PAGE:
After many months communicating with Paws, speaking with foster mothers of several different dogs, and going through their careful screening process, I came across Wrangler’s profile, and scooped him right up! He’s a three-and-a-half year old beagle mix who was surrendered by his owners in Tennessee in November, officially for “getting out and chasing the neighbors chickens.” However, he was also sick with heartworm and other parasites and wasn’t neutered, so I suspect they just couldn’t give him the care he needed. He’s a lucky boy- before Paws began working with the Tipton Animal Shelter where he ended up, they had a 90% euthanization rate, and owner-surrendered dogs are often put down that very day, since the shelter doesn’t have to wait for someone to claim him.
And, I’m certainly a lucky girl, because he is beyond the dog of my dreams. I’ve found a best friend and constant companion who gets me out of bed and out of the house every morning, gives me lots of kisses, and snuggles in right next to me every night. I’m happy to report that he is now a healthy and thoroughly spoiled dog, just as he should be.
A few photos from my visit to Plimoth Plantation last November. The light in the 17th century English Village made everything feel like a Dutch painting, and I found it so inspiring to see how these dwellings, however rudimentary, were still beautiful. There was hardly a detail on them or an object within them that didn’t serve a purpose, but the functional forms were still aesthetically intriguing, like the woven smoke hole at the peak of the gable in the last photo. The house had one on each end, so that a strong cross breeze would create a draft to pull the smoke up and out without a chimney.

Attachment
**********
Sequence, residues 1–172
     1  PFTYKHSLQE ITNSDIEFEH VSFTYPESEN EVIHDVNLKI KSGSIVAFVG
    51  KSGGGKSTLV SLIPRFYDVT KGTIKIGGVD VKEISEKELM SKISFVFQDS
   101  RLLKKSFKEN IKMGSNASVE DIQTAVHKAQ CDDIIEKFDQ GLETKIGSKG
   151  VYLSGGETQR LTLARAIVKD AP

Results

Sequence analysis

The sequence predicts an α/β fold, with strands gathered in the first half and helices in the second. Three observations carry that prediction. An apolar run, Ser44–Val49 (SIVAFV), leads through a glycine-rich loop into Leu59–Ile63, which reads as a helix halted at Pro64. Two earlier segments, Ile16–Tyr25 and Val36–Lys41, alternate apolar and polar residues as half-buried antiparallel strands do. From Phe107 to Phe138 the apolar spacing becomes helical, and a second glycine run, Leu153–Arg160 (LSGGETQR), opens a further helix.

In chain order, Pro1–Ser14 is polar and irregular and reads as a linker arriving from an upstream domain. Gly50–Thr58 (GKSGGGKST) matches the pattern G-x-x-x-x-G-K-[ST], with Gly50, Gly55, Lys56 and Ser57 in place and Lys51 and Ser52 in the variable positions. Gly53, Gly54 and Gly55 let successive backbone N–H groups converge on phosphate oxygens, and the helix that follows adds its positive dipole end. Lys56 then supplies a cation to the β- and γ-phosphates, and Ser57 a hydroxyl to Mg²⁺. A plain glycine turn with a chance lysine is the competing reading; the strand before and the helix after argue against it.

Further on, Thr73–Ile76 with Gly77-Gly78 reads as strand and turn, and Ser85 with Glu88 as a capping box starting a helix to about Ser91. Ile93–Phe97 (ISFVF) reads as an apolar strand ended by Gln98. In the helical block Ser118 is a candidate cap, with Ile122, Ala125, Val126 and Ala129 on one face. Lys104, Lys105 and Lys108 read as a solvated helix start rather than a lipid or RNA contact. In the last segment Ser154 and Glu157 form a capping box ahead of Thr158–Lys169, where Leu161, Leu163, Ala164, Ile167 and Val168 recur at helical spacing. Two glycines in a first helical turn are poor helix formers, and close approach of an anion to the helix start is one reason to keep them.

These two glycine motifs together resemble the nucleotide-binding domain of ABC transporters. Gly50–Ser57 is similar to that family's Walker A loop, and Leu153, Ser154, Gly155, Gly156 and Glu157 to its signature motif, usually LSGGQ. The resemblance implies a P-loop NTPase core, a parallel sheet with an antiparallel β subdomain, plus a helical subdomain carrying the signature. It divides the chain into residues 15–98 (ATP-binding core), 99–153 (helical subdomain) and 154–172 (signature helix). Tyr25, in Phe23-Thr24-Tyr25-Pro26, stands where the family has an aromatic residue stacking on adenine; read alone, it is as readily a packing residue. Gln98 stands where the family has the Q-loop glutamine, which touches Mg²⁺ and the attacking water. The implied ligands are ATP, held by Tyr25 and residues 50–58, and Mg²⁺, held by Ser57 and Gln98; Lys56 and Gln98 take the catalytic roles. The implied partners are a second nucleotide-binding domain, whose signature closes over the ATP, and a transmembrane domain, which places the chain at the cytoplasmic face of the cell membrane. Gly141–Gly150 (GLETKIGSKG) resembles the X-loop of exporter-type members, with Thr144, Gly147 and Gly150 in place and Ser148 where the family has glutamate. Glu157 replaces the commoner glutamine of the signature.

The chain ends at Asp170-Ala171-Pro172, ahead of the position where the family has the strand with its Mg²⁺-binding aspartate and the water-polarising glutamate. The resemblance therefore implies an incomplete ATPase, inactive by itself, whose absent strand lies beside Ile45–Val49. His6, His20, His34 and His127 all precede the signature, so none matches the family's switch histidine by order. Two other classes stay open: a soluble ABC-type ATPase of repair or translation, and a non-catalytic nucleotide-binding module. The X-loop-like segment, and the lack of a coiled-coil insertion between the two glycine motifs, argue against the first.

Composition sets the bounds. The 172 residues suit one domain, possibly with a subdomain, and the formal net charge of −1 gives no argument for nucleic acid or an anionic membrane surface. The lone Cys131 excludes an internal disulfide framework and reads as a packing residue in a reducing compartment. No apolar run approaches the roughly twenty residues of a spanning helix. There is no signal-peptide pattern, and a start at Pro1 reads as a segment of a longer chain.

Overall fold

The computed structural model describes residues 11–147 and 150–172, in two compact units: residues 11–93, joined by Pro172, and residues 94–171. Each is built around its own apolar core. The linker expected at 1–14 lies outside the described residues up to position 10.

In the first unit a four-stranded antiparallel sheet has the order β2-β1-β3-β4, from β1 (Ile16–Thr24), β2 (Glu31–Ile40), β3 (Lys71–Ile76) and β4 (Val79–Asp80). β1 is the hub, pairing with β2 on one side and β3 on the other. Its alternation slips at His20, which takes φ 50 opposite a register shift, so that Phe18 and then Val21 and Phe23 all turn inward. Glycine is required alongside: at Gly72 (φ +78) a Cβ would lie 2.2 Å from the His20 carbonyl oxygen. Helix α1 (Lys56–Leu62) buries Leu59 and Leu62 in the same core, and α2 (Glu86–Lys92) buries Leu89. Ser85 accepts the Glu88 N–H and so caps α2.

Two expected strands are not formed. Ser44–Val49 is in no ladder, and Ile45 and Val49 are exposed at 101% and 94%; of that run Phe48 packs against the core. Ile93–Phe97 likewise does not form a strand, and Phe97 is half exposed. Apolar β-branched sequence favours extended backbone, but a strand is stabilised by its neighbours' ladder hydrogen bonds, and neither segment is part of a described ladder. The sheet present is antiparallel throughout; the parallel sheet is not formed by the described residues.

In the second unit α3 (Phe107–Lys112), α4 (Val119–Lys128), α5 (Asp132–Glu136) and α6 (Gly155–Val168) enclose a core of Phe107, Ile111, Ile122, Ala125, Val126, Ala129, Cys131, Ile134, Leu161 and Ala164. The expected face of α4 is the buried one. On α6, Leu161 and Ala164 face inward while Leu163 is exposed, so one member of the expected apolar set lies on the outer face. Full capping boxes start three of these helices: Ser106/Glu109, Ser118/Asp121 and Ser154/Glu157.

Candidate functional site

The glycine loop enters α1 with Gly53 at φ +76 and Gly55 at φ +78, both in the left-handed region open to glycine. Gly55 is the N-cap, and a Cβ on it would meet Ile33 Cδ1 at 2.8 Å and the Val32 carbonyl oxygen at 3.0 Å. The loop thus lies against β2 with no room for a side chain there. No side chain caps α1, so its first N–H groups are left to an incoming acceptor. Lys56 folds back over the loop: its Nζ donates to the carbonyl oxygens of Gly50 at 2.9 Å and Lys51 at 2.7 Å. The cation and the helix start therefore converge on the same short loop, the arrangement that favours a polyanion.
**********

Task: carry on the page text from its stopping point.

Seeing these spaces prompted me to think hard about the inventory of goods in my own home. We have SO MUCH stuff in our lives today, and we throw so much away and buy more to replace it. Yikes. I know that I’m not making any ground-breaking revelations about consumerism, and I don’t want to romanticize the pilgrims of Plymouth any more than they already are. But, I really did have a moment there, where I appreciated that things should be more precious to us. Boy that sounds anti-anti-materialistic. But if you think about it, it’s not.
I need to make another trip out there- I’m sure the little veggie gardens behind each house will be beautiful in the summer, and I want to spend some time photographing at the Wampanoag Homesite. Plus, the Mayflower II is undergoing a big restoration and was closed to the public while I was there. It will be exciting to see her fitted out and back in action. Anyway, just thought I would share these little snippets of thought and image, in case anyone else needs a little nest inspiration to get them through the Ides of March.
Victory! I’ve wanted to get a tintype done for my professional portrait ever since I saw Giles Clement in action at the 2014 Newport Folk Fest. Nothing quite so haunting as watching the faces of the world’s best folk music emerge from the murky depths of iron and emulsion beneath the arch of an aging fort. So, when I came across a tintype artist at the Common Ground Country Fair in Unity, Maine last September, I went for it. Thanks to Cole Caswell of AgNO3 Lab for the lovely shot. The booth and the developing process were inspiration in and of themselves, so I thought I would share a few photos.
Ps – proud to be sporting my Greek bread bag in the photo, handwoven in the hills of Paros by this amazing woman.